Linux security

Easier way to add DIRECTORY to your path in LINUX

$PATH is very important environment variable and knowing how to work with it, can be very useful

What Is $PATH on Linux, and How Does It Work?

Every time you run a command, it is the $PATH environment variable which is being used to determine where to look for command. One common location is the /bin directory. It’s a directory that contains some of the most commonly used commands such as pwd, ls, cp, mkdir, touch, dd, df, du, tail, less, more, and etc.

You can display your $PATH using the echo command. Here’s the command.

echo $PATH

$PATH variable is very useful because it allows the command to be executed without knowing or specifying the full path to the command.

You should note that every single entry into PATH is separated by (:) semicolon sign.

Adding a Directory to Your $PATH

Example I want to add my SCRIPTS directory into $PATH

  • Do cd ~/SCRIPTS and run pwd
  • You should be see the full path of your Directory┬á /home/ME/SCRIPTS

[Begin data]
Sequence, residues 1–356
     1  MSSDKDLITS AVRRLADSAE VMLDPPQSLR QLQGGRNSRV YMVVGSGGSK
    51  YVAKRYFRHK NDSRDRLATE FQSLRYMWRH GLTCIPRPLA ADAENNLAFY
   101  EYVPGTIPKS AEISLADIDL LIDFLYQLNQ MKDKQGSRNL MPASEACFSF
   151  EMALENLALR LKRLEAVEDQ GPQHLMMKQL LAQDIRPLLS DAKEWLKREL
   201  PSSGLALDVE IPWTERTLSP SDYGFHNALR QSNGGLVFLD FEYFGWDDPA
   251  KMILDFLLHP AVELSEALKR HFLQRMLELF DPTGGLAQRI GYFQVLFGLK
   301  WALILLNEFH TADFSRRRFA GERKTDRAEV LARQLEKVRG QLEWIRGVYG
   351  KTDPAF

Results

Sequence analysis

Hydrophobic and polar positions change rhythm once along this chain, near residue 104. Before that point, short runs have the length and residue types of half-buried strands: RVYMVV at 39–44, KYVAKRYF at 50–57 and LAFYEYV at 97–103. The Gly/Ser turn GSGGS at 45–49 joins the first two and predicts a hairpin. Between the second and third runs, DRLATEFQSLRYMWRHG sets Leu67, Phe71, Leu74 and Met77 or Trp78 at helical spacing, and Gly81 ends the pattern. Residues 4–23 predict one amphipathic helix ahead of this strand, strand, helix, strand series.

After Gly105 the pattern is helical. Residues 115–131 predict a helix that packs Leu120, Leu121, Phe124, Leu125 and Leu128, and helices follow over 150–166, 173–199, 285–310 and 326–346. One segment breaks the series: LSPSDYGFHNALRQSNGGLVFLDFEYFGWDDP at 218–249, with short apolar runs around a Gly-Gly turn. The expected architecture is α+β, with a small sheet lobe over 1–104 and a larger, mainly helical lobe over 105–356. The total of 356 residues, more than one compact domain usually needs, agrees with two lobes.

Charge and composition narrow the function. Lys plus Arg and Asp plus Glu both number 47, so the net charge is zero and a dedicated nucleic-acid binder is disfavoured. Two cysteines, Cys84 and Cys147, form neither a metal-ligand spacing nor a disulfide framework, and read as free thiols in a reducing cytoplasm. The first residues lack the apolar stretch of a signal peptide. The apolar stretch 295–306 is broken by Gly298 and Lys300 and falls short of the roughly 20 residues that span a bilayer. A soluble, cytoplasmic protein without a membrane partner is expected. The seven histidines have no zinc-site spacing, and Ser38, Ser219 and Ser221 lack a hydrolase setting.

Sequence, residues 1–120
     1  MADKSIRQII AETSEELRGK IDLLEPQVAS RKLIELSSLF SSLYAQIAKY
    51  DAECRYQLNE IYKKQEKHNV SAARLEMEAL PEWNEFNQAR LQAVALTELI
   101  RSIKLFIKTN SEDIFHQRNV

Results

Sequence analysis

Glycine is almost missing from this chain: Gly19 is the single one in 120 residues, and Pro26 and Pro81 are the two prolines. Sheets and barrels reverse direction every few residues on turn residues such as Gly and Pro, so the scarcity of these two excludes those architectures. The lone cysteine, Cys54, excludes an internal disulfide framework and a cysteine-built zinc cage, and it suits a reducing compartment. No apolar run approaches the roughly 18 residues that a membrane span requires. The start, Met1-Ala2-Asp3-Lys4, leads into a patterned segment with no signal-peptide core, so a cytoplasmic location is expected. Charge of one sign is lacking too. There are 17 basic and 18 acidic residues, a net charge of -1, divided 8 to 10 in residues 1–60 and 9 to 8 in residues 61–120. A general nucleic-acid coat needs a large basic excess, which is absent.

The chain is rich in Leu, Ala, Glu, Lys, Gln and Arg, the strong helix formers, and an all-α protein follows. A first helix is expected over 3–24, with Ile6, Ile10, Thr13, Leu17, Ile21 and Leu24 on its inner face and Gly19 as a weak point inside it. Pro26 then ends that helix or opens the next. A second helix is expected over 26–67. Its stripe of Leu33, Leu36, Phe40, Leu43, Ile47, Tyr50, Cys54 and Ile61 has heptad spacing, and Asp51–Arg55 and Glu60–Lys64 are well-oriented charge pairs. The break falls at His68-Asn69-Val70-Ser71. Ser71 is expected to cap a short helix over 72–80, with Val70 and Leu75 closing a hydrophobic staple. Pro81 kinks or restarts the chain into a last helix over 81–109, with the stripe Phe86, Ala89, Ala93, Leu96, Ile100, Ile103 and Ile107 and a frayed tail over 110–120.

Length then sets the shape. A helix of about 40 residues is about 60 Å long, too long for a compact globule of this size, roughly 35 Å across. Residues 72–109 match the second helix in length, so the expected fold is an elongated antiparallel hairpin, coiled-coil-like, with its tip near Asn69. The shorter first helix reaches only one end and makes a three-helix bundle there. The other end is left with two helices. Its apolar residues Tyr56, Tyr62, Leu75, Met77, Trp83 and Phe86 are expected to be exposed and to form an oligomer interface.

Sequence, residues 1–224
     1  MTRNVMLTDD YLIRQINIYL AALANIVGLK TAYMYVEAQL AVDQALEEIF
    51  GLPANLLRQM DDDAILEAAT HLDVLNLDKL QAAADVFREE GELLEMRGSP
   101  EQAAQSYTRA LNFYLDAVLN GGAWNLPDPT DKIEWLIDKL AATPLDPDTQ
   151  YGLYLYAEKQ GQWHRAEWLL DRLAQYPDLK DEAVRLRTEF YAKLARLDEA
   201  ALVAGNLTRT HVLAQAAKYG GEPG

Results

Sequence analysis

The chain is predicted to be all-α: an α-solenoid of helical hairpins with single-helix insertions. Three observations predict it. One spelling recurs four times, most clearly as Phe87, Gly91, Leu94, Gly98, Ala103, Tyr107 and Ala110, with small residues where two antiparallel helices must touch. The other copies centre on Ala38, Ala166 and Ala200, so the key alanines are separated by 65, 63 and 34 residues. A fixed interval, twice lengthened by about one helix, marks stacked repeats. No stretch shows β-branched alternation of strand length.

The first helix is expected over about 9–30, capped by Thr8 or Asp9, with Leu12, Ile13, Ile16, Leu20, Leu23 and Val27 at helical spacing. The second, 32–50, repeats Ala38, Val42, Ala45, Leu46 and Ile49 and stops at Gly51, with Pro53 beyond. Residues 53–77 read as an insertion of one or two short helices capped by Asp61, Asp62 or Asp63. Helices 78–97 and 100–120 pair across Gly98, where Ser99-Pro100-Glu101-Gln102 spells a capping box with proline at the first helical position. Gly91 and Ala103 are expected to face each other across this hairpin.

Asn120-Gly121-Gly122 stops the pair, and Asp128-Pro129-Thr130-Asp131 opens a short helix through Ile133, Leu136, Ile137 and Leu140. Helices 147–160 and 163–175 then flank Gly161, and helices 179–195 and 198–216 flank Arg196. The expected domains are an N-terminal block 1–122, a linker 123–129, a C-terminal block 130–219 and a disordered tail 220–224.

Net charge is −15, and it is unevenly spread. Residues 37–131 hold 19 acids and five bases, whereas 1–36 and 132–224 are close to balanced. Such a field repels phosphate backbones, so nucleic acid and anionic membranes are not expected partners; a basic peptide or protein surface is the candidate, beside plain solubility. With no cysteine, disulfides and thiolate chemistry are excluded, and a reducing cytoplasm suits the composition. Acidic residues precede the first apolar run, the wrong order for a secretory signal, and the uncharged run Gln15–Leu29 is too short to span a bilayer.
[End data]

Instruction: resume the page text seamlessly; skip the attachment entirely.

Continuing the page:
There are two ways do it — little work and another quick command ­čÖé


  • Once you got the output from pwd and know the full path
  • open your editor and edit ~/.bashrc file
  • nano ~/.bashrc
  • Scroll down in the file
  • Type at the end of file this line
export PATH="/home/ME/SCRIPTS:$PATH
  • CTRL+XYES to save the file
  • you can also run source ~/.bashrc
  • Verify now the $PATH by running echo
echo $PATH

And now you should see the Directory included in your $PATH

Option #2

This second option is much simpler and fast

  • Go inside of the directory /home/ME/SCRIPTS
  • Run this command

echo “export PATH=$(pwd):\${PATH}”┬á >> ~/.bashrc

source ~/.bashrc
echo $PATH
  • This command will add to your path the Directory in which you at right now,
  • refresh and reload the ~/.bashrc
  • output the $PATH so you can verify that the directory has been added into your $PATH.


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